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There Could Be More Video Connected To Eric Lurry's Death That Joliet Police Haven't Released To The Public

JOLIET, Ill. (CBS) — The only video the public has seen surrounding the death of Eric Lurry has a timestamp of 4 p.m. on Jan. 28.

At that time, the camera in the back of a Joliet Police squad car captured some of the final moments of the 37-year-old man's life. The video, obtained by CBS 2 Investigators, begins with Lurry in the backseat handcuffed during a drug-related arrest . At one point, an officer is seen pinching Lurry's nose shut for a minute and 38 seconds, while another inserts a baton in his mouth. The clip is seven minutes long.

Despite showing that video to select news outlets last week -- five months after the incident -- the police department's own statements from the day Lurry died indicated there should be more video.

An official news release from Jan. 28 said officers arrived to the police station with Lurry in the backseat at 4:17 p.m. If accurate, and since the seven-minute video begins at 4 p.m., this could mean there are an additional 10 minutes of video the public hasn't seen.

After CBS 2 received a tip and confirmed the video existed, we reported on our findings June 30. Through repeated phone calls to Joliet Police Chief Alan Roechner and a Freedom of Information Act (FOIA) request, our investigative team asked police for the video. While we did not receive a response, Roechner released the video to other members of the media last Wednesday.

CBS 2 ultimately obtained a copy of that video independently.

After our repeated requests for interviews with Roechner, including multiple FOIA requests for documents about Lurry's death, the police chief instead turned to social media.

On Tuesday, he posted a statement on the department's Facebook page and acknowledged police turned over more video to the outside agency investigating Lurry's death.

But five months later, police still have not released all of the videos in their possession to the public. That's despite calls for transparency from city officials, including Mayor Bob O'Dekirk. In an interview, O'Dekirk said CBS 2's reporting on Lurry's death exposed new evidence that was never turned over to him or city lawyers.

"Clearly, there was some improper behavior on that video, any way you slice it," O'Dekirk said. "They were things that police officers are not supposed to do."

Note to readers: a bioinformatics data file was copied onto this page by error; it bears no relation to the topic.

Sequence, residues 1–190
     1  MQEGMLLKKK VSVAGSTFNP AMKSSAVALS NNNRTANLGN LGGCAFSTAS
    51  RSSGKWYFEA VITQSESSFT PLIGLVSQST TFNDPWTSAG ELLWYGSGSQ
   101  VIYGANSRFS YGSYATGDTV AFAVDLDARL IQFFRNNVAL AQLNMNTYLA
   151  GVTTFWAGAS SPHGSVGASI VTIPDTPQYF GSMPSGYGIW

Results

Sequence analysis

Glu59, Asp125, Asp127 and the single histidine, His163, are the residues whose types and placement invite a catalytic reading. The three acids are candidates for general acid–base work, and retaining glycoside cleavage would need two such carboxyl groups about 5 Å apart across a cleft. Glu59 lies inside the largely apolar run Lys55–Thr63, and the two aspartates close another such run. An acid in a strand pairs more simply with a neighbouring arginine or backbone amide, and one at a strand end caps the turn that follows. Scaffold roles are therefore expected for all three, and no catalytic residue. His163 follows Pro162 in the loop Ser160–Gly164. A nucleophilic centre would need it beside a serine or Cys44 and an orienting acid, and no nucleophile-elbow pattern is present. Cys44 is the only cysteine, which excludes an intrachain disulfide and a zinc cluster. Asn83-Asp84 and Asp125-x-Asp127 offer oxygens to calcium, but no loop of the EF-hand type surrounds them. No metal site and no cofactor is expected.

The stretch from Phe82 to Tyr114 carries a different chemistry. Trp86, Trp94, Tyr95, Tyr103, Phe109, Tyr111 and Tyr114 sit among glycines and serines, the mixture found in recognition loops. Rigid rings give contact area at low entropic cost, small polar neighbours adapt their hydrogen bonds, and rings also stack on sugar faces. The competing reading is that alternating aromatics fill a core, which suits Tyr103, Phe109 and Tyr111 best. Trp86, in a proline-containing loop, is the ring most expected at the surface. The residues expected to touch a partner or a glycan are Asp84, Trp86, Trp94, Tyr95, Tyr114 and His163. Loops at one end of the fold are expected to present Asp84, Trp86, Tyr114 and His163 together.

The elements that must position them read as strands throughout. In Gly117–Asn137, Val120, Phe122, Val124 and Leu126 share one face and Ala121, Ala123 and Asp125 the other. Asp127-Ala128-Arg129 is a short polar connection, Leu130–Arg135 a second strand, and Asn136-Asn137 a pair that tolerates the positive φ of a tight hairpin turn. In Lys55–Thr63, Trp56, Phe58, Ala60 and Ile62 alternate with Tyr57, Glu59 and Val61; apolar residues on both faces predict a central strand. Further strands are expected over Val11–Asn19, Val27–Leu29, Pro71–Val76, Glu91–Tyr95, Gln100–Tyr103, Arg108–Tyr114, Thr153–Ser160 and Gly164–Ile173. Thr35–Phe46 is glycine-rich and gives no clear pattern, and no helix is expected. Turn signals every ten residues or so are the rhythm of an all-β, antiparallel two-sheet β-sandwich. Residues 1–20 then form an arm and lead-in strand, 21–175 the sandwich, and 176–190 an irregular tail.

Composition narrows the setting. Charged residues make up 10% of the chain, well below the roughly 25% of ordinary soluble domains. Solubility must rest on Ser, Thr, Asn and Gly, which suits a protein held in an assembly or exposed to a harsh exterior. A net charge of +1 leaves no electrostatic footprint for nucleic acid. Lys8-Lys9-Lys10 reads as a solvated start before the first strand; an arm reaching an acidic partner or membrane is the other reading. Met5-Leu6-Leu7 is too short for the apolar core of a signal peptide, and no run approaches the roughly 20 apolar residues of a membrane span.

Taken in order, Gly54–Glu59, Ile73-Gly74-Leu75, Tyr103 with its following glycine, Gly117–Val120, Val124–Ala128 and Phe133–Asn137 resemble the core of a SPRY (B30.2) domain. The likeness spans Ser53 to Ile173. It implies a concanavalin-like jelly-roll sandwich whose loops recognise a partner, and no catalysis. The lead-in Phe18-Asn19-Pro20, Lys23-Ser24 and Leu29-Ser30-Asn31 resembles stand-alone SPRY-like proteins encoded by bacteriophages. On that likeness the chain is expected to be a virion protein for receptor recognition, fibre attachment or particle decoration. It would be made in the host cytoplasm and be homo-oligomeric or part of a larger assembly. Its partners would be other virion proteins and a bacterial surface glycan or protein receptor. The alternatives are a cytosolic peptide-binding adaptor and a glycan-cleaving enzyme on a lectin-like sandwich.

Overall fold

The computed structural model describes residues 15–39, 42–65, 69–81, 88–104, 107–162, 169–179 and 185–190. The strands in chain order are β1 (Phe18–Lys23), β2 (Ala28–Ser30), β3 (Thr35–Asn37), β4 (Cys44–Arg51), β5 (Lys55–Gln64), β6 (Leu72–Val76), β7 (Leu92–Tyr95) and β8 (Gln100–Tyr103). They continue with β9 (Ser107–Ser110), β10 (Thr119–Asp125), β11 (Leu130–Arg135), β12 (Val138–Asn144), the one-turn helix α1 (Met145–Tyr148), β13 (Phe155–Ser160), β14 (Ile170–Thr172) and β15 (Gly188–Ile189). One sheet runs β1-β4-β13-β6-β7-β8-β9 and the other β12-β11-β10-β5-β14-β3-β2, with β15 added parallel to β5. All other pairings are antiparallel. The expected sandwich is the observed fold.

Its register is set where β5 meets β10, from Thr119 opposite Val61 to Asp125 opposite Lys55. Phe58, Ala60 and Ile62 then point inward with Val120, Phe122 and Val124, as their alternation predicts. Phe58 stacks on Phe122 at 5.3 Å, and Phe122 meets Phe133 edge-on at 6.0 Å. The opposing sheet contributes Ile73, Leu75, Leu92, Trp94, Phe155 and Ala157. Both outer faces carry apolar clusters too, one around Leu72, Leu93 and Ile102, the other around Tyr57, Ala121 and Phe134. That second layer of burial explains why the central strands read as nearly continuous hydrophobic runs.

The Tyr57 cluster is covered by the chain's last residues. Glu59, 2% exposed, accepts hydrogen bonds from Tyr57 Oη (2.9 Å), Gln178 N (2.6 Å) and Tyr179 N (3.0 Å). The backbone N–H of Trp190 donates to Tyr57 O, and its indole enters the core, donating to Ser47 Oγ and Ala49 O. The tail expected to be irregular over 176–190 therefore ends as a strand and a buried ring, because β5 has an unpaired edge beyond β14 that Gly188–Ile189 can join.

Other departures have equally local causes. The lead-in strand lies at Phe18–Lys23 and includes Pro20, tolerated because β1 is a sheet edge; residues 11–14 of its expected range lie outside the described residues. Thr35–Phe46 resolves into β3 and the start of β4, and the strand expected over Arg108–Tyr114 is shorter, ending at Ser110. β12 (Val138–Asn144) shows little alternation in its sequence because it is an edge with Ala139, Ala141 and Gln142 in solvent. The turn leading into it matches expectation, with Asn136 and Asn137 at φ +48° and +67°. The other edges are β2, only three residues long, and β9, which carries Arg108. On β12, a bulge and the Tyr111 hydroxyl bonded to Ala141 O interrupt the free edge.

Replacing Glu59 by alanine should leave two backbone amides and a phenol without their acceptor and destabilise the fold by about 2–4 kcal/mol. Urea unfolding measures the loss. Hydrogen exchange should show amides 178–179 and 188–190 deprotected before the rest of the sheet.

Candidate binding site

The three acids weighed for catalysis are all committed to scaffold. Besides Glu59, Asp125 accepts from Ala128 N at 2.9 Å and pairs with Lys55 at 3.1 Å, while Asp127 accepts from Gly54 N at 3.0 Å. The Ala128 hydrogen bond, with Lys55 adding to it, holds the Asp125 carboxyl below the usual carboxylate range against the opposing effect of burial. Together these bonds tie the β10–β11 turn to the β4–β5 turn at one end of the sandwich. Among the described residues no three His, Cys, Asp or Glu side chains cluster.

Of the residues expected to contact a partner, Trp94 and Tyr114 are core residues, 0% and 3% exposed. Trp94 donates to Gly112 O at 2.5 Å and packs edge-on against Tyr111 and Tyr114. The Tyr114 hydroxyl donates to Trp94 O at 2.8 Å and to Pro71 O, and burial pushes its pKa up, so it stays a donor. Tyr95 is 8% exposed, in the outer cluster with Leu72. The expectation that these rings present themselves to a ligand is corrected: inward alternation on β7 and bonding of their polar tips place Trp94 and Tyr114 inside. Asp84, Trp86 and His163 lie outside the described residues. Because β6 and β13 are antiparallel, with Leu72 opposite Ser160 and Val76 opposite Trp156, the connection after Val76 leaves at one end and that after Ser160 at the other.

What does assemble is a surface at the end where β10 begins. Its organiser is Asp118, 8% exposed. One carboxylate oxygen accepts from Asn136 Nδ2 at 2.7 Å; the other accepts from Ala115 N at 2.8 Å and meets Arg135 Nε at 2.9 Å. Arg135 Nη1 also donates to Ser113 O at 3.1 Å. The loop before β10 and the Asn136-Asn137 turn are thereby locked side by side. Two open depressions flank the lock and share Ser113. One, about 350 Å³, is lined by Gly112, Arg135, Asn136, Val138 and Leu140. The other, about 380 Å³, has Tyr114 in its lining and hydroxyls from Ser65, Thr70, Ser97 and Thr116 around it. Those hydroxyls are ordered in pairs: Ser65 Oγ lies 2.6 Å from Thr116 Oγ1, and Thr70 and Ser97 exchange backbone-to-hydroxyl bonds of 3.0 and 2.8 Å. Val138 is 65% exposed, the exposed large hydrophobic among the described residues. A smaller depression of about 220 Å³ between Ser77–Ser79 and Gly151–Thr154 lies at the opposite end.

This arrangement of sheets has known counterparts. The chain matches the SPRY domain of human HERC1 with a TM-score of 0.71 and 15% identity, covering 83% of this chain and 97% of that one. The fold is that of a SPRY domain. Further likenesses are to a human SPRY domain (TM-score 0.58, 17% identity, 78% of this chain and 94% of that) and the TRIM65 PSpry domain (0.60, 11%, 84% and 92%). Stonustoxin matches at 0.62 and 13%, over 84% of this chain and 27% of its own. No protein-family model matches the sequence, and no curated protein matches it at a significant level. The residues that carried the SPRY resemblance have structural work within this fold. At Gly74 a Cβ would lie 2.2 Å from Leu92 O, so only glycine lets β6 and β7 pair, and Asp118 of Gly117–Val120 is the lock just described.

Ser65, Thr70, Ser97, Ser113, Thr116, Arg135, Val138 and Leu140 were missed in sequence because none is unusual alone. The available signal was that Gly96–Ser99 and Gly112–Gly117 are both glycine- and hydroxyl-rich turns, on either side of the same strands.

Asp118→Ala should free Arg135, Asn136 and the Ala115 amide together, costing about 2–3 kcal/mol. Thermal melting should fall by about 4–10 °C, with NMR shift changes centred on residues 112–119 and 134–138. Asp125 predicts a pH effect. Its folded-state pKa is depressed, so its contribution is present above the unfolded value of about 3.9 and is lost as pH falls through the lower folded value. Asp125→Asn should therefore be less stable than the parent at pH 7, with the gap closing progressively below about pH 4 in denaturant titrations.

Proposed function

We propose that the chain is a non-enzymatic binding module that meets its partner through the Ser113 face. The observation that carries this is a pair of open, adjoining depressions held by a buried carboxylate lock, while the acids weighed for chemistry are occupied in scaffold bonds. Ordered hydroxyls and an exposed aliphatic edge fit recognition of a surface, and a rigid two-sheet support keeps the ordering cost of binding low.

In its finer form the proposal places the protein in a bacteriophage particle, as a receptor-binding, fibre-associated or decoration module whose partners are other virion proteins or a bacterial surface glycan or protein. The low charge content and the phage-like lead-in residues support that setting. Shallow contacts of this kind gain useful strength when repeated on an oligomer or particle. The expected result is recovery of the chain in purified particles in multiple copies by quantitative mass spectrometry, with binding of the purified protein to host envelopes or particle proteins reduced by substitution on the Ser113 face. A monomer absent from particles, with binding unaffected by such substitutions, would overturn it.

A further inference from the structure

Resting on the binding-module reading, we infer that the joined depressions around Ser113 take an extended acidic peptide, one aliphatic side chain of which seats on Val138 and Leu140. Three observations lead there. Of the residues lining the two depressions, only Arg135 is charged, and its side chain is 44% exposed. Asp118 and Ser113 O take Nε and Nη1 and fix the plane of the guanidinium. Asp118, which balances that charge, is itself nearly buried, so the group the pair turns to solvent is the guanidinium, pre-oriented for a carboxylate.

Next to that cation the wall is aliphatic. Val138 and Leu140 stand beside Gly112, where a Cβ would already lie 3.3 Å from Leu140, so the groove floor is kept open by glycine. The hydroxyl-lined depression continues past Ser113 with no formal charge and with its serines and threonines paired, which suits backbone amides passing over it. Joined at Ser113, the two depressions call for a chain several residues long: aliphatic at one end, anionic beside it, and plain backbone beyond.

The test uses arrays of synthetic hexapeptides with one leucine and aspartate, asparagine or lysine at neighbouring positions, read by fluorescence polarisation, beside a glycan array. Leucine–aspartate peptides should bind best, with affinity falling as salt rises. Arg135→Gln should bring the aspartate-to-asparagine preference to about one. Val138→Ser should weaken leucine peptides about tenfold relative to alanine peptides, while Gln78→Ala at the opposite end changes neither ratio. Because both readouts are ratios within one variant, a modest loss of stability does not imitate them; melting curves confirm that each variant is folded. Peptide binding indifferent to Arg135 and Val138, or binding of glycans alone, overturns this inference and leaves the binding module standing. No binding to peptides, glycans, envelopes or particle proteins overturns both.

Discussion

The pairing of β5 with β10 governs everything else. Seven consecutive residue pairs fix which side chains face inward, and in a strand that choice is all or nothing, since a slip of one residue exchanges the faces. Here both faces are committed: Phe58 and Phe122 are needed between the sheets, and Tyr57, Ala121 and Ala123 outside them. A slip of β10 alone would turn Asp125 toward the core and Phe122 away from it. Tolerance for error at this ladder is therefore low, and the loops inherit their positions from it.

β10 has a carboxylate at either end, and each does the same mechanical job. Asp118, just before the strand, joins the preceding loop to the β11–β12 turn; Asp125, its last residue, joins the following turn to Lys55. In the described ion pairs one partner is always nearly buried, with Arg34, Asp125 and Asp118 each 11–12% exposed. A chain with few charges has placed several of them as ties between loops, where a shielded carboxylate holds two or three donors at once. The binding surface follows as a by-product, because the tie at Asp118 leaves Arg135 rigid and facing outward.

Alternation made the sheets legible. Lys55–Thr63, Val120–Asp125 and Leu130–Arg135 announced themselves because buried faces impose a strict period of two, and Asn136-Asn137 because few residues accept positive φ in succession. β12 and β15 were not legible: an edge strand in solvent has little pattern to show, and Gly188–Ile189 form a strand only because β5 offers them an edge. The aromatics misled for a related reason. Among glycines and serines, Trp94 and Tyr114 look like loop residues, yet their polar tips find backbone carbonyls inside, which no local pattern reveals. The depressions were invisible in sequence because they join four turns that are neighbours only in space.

O'Dekirk sharply criticized Roechner during a city council meeting Tuesday night. He questioned why he and members of council or the city's lawyer were never informed about the squad car video until a whistleblower called attention to it recently.

"The fact that this never got to council, this never got the legal department -- it's unheard of that no one in the legal department would've been showed this video," said O'Dekirk said. "We've been kept in the dark for the entire time, including tonight. Learning things for the first time tonight."

CBS 2 obtained a second video clip, nearly six minutes long, showing a different angle aimed outside the windshield of what appears to be the same squad car. Officers can be seen walking in and out of the frame, including Sgt. Doug May, who slapped Lurry, called him a "bitch" then pinched his nose shut in the first clip.

May has been placed on administrative duty pending an internal investigation -- one that O'Dekirk said neither he or council knew about until Tuesday.

"You told council the week prior that there was no other videos," he said, "and then Channel 2 News shows up with them."

Before an angry crowd Tuesday night, Mayor O'Dekirk told City Manager Steve Jones – who has the power to fire and hire the police chief – that both of them should be investigated for the handling of evidence. Jones resigned shortly after the meeting.

Now the mayor and city council want to know if there's video from any of the external cameras perched above the police parking lot where Lurry's last moments occurred. He had no pulse when paramedics arrived.